input-file Specifies the .EXE file to be converted.
output-file Specifies the binary file to be created.
...so you might use a command like:
exe2bin D:\applications\thefile.exe D:\bin_store\thenewfile.bin
You do not need to use the drive letter if cmd prompt is in the right drive.
You don't need a path1 if cmd prompt is in the folder containing thefile.exe:
If you do not give a drive and\or path2 then thenewfile.bin will be created alongside thefile.exe.
Of course, you can call the new bin file thefile.bin also.... no clash.
So instead you might go:
cd /d D:\applications
exe2bin thefile.exe thefile.bin
And that is it.
Just mind spaces in path and file names. If the folder was My Applications then you would write:
cd /d d:\"my applications" ...or:
exe2bin D:\"my applications\thefile.exe D:\bin_store\thenewfile.bin"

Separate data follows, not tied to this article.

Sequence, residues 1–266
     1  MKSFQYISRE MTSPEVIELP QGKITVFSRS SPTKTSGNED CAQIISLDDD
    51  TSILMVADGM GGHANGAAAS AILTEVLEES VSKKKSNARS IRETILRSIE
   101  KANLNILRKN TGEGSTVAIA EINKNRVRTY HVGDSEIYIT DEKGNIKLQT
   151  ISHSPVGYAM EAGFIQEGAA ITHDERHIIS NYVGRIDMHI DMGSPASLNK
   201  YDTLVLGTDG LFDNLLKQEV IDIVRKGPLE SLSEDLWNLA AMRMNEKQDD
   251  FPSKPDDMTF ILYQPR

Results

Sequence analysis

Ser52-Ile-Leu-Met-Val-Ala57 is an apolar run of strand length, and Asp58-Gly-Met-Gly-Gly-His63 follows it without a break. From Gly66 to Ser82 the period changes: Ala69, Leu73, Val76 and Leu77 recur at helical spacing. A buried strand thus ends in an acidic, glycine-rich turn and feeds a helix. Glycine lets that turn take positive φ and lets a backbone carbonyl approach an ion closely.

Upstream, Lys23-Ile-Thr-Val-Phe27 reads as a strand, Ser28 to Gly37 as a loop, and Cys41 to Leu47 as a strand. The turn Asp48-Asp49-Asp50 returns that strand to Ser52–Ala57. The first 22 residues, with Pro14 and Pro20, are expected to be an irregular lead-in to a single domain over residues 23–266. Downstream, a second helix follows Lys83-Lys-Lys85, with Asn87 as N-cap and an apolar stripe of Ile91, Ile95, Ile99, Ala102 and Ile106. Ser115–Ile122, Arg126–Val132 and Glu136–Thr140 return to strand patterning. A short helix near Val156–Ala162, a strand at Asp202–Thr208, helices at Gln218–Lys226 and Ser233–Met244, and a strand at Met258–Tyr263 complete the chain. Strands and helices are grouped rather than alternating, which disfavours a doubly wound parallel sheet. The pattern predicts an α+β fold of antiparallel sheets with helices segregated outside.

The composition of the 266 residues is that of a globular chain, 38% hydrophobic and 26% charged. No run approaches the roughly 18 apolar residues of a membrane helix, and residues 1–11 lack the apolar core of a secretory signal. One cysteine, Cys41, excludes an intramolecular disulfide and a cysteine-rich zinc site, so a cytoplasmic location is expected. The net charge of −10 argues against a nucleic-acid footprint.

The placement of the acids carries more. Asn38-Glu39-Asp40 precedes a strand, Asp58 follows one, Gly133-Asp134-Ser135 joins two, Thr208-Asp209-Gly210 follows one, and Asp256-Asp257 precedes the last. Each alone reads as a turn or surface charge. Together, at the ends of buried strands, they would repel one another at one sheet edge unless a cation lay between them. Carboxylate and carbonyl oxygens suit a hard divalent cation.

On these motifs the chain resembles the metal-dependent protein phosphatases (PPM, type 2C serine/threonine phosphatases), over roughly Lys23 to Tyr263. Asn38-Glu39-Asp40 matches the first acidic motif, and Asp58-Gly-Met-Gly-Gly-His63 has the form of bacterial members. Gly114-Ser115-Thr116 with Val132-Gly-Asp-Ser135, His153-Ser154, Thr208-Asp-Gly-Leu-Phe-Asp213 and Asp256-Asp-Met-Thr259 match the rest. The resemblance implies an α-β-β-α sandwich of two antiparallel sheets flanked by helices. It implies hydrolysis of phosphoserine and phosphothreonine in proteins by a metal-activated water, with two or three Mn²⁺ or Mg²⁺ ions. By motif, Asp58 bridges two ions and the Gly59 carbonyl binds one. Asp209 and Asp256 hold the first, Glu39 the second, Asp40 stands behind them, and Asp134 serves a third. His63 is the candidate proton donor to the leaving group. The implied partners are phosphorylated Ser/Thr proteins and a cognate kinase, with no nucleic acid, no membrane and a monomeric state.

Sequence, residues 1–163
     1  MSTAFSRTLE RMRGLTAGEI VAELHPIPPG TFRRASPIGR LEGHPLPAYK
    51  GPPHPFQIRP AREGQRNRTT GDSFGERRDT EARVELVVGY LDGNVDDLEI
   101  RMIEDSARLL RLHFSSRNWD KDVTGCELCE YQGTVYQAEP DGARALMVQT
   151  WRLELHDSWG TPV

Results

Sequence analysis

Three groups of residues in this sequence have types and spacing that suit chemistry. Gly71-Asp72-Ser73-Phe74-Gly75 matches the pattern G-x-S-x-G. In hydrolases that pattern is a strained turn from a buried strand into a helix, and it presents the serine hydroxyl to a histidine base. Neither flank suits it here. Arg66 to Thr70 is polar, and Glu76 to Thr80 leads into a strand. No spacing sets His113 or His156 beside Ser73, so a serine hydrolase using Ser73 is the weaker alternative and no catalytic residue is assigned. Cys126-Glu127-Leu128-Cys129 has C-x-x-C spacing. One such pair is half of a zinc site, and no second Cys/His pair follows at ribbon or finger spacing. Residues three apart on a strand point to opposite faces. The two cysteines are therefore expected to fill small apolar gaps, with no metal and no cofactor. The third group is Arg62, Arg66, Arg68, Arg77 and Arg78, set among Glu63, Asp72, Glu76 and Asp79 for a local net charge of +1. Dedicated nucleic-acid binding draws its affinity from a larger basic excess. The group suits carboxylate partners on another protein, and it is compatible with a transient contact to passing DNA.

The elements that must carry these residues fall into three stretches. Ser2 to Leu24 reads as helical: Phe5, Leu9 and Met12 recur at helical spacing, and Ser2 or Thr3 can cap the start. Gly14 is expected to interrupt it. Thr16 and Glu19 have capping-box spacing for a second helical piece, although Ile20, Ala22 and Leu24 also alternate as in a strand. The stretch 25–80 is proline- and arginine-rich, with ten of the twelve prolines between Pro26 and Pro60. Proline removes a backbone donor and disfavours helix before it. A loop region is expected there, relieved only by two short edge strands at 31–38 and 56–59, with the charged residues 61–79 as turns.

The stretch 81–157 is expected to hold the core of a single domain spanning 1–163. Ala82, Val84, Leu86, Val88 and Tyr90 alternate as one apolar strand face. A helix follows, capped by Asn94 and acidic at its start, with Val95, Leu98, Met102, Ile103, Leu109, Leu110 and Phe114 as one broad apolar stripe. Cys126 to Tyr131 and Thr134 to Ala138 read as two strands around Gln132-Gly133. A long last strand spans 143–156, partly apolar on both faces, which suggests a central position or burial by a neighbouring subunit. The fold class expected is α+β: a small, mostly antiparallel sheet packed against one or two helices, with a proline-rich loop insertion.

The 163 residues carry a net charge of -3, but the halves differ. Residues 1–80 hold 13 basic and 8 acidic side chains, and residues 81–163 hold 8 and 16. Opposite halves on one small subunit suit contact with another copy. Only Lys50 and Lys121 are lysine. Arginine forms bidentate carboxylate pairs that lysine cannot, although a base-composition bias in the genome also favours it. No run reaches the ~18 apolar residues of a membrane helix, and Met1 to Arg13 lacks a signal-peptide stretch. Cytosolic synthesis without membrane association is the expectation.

exe2bin "D:\my applications\thefile.exe" D:\bin_store\thenewfile.bin
...whatever, just so the name with a space is inside quotations.
The .exe file is in the C drive.
When I tried it the error came that "The file cannot be converted".
Can you please send me the code to do so when the file is in C drive.
The path of the .exe file is:- "C:\speed.exe"
the path of the bin could be anywhere in the C drive.
exe2bin is something dragged over into cmd.exe from the DOS era. It is limited to programs of less than 64KB. M$ gives these as the cause of that error:
Cause: The program to be converted has one of the following problems:
* The program has an origin of 0100h but a different entry point.
* The program requires segment fixups.
* The program code and data are larger than 64 KB.
* The program has more than one declared segment
* The file is not a valid .EXE-format file.
exe2bin has found your pgm from the path given, otherwise you would have received a "path not found" error.
exe2bin c:\speed.exe c:\speed.bin